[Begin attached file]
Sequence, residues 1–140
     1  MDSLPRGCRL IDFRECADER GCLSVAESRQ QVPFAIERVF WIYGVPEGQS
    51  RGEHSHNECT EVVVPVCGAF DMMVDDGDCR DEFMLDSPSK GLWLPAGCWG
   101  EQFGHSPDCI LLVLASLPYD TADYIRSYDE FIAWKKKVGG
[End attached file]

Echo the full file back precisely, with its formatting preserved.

Sequence, residues 1–140
     1  MDSLPRGCRL IDFRECADER GCLSVAESRQ QVPFAIERVF WIYGVPEGQS
    51  RGEHSHNECT EVVVPVCGAF DMMVDDGDCR DEFMLDSPSK GLWLPAGCWG
   101  EQFGHSPDCI LLVLASLPYD TADYIRSYDE FIAWKKKVGG